I don’t mean to paint this corner of ballroom in a purely utopian light, however—not least because some do not see its growing presence as a positive. (Another dancer recalled an industry acquaintance seeing a collegiate competition and remarking, in a less than complimentary tone, “It looks like the Asian Open in here…”) Asian American dancers contend with significant limitations as well as allowances as their competitive trajectories chart across the collegiate, amateur, and professional divisions. And the experiences I share here illuminate but one facet of Asian American partner dance cultures, a vein left largely untapped within scholarly and popular discourse until the recent tragedy in Monterey Park. The collegiate sphere offers an especially rich site to explore the multiple meanings and apparent mass appeal of ballroom for Asian American practitioners.

Notably, the “collegiate” label itself underscores the undeniable privilege from which many of these dancers benefit—and, as the community’s demographics make clear, some Asian Americans have been able to achieve competitive success (though beyond collegiate, this might entail seeking white partners or going blonde—presumably in attempts to, if not pass, blend in a bit better within an overwhelmingly white industry). Institutional hurdles for Black and Latinx dancers, in contrast, continue to exert considerable force. Such tensions speak to the contingent terms of racial belonging in and beyond dancesport; Asian Americans—particularly of the college-educated, high-achieving variety—are often propped up as a foil to other minorities, sold as the image of assimilatory success, yet remain subject, as the pandemic has shown, to violence and exclusion.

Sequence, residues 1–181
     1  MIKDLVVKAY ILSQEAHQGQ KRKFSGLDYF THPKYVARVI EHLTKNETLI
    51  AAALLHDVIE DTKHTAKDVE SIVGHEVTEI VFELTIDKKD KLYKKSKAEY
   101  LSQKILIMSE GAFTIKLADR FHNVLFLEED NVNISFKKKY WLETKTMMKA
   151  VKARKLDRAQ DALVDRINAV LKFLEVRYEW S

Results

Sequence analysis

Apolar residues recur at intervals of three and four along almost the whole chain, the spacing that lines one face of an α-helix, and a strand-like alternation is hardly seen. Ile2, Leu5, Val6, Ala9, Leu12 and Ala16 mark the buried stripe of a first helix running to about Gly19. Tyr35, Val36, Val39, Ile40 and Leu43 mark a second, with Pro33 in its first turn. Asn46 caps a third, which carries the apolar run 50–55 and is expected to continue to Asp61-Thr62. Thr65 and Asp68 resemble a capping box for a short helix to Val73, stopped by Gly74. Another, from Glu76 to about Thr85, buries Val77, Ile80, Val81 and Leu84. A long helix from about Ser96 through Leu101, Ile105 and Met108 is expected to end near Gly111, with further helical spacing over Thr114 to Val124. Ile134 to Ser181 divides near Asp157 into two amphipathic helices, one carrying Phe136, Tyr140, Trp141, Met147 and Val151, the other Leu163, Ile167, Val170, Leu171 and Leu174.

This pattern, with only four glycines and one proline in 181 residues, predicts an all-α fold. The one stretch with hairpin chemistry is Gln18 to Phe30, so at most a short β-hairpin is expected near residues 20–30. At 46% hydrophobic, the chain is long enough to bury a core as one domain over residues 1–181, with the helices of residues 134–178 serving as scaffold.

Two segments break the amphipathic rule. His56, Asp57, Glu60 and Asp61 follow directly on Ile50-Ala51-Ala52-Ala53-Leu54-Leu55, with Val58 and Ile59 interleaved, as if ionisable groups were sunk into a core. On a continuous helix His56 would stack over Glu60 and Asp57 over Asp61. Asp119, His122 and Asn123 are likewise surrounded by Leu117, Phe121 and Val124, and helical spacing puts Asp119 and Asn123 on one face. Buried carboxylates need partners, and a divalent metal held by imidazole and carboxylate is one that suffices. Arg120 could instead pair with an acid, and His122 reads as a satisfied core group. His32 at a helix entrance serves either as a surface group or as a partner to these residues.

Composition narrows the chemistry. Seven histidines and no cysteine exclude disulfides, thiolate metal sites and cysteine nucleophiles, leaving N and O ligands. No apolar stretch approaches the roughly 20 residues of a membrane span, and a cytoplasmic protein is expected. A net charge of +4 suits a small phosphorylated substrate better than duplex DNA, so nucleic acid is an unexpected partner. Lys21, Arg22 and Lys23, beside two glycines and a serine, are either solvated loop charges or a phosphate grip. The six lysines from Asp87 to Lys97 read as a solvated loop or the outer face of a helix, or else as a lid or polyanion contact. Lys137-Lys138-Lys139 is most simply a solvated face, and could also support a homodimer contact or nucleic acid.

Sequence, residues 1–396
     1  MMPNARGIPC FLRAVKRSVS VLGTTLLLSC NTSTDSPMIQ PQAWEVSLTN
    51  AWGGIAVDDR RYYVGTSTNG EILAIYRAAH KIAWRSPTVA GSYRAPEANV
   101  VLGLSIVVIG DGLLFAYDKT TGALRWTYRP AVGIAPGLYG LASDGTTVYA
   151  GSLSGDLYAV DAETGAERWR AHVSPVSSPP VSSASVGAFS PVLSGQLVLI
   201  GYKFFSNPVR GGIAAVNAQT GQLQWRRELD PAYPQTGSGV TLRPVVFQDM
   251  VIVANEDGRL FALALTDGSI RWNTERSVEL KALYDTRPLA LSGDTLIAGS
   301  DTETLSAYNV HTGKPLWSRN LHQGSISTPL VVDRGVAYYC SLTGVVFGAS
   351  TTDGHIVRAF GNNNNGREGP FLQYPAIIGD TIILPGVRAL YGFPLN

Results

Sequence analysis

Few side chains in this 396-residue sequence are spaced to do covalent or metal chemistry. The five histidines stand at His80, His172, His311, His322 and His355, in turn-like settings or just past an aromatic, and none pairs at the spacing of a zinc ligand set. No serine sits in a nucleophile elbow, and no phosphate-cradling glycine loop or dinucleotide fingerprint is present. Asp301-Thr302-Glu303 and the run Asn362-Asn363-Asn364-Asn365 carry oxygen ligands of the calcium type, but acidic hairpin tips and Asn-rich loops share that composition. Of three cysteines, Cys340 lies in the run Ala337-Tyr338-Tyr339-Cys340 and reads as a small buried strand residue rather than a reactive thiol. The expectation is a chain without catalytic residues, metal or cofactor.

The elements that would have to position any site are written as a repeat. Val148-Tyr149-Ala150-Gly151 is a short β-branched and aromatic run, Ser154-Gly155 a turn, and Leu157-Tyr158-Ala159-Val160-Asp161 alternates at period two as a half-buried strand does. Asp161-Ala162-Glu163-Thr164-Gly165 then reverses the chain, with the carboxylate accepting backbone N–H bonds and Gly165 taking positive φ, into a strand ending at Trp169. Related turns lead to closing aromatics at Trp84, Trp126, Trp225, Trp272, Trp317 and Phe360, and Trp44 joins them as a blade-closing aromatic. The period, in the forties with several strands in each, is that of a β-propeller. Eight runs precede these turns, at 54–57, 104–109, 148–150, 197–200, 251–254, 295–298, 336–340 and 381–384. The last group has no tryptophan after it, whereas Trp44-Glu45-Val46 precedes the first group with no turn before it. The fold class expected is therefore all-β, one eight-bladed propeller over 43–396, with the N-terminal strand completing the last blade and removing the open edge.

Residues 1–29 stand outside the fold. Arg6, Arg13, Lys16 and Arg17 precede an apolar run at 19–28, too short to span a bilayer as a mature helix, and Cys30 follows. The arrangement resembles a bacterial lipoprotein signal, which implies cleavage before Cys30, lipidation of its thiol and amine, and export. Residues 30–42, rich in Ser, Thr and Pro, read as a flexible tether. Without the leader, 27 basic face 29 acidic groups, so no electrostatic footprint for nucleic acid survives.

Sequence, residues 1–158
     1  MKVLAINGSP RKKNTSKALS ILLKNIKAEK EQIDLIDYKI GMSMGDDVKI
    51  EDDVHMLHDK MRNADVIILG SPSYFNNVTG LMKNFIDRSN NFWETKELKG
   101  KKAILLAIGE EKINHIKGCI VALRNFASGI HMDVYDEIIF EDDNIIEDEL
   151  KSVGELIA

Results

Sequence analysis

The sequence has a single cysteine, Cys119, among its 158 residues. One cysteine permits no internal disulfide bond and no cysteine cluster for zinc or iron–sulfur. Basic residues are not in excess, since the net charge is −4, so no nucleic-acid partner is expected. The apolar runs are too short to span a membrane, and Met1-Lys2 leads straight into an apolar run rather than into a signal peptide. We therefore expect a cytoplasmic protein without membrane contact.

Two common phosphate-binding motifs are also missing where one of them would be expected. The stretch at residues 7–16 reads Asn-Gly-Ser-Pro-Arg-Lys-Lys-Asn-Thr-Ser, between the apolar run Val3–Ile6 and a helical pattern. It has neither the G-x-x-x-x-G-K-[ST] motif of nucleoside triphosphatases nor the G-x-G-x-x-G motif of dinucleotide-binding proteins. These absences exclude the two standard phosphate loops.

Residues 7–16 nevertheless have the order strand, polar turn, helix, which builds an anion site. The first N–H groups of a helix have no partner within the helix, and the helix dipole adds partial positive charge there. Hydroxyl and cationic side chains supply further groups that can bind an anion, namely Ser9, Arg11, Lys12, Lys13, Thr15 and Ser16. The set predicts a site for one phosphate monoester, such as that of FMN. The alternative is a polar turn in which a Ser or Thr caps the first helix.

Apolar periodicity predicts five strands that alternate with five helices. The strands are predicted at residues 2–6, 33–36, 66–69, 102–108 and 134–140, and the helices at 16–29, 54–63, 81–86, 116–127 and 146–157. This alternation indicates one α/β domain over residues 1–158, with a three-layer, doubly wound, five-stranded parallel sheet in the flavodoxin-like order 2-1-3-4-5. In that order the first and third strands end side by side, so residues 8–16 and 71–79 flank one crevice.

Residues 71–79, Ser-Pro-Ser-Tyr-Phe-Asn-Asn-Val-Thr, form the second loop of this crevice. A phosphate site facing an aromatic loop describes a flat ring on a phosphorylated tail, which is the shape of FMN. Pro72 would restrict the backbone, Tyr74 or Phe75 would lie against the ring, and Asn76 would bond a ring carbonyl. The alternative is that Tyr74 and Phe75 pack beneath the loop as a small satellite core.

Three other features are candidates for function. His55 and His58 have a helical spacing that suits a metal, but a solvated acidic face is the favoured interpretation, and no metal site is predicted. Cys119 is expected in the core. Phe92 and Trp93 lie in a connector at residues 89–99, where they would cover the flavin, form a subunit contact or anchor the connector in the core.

With all this, I keep asking myself: what else does dancing make available? What other possibilities emerge, through daily practice of this partnered dance form—in ways that challenge and reorganize the white heteronormative dyad—for how we might theorize and embody racial belonging? While it’d be easy to assume that Asian American dancers are driven by the desire to assimilate, our experiences map a much more varied and textured set of relations to the dancesport status quo. Many of us—as competitors, teachers, and organizers—are actively invested in sustaining a space that values reciprocity and openness over profit and elitism. We hope to deauthorize and divest from the industry’s dictates even while, as dancers striving for competitive success, we cannot refuse to relate to them altogether.

Such contradictions are aptly held in the bingo square we scratched off with perhaps the most satisfaction that week: seeing our friends make a national final. And such aspirations keep me invested in asking to whom and how we might belong—less to any nation or within any world defined by whiteness than to each other, in ways equally vexing, transformative, and vital.

About the Author

Crystal Song is a PhD candidate in Performance Studies at the University of California, Berkeley. Her dissertation research on Asian American ballroom dance cultures examines how model minorityness is articulated and negotiated through embodied practice. Her work has been published in Conversations Across the Field of Dance Studies and is forthcoming in TDR: The Drama Review.

[1] The NDCA website includes an account of this rule change and subsequent reversal.